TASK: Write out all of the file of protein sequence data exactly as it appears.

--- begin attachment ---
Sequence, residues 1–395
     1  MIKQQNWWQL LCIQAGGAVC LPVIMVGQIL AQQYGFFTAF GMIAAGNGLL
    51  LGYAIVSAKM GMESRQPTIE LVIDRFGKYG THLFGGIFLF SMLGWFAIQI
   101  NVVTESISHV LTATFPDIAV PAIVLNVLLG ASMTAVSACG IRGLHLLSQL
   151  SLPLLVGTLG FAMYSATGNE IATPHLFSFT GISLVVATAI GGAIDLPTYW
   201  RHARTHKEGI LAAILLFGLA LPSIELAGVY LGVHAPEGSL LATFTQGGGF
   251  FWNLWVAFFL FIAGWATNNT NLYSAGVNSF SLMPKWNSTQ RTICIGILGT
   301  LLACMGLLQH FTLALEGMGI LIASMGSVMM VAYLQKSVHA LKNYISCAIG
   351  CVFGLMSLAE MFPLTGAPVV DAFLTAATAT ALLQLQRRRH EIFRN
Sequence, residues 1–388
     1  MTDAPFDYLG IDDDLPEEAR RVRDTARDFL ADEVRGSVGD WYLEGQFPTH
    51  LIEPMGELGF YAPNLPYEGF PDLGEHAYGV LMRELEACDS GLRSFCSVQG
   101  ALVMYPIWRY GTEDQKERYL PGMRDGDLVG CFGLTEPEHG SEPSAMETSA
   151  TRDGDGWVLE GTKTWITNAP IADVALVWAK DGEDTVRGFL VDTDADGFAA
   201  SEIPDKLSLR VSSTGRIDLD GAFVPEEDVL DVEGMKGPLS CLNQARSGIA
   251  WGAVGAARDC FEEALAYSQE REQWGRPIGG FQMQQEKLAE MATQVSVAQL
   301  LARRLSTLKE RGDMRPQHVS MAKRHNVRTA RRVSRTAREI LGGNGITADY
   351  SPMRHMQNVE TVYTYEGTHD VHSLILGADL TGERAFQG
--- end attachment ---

Sequence, residues 1–395
     1  MIKQQNWWQL LCIQAGGAVC LPVIMVGQIL AQQYGFFTAF GMIAAGNGLL
    51  LGYAIVSAKM GMESRQPTIE LVIDRFGKYG THLFGGIFLF SMLGWFAIQI
   101  NVVTESISHV LTATFPDIAV PAIVLNVLLG ASMTAVSACG IRGLHLLSQL
   151  SLPLLVGTLG FAMYSATGNE IATPHLFSFT GISLVVATAI GGAIDLPTYW
   201  RHARTHKEGI LAAILLFGLA LPSIELAGVY LGVHAPEGSL LATFTQGGGF
   251  FWNLWVAFFL FIAGWATNNT NLYSAGVNSF SLMPKWNSTQ RTICIGILGT
   301  LLACMGLLQH FTLALEGMGI LIASMGSVMM VAYLQKSVHA LKNYISCAIG
   351  CVFGLMSLAE MFPLTGAPVV DAFLTAATAT ALLQLQRRRH EIFRN
Sequence, residues 1–388
     1  MTDAPFDYLG IDDDLPEEAR RVRDTARDFL ADEVRGSVGD WYLEGQFPTH
    51  LIEPMGELGF YAPNLPYEGF PDLGEHAYGV LMRELEACDS GLRSFCSVQG
   101  ALVMYPIWRY GTEDQKERYL PGMRDGDLVG CFGLTEPEHG SEPSAMETSA
   151  TRDGDGWVLE GTKTWITNAP IADVALVWAK DGEDTVRGFL VDTDADGFAA
   201  SEIPDKLSLR VSSTGRIDLD GAFVPEEDVL DVEGMKGPLS CLNQARSGIA
   251  WGAVGAARDC FEEALAYSQE REQWGRPIGG FQMQQEKLAE MATQVSVAQL
   301  LARRLSTLKE RGDMRPQHVS MAKRHNVRTA RRVSRTAREI LGGNGITADY
   351  SPMRHMQNVE TVYTYEGTHD VHSLILGADL TGERAFQG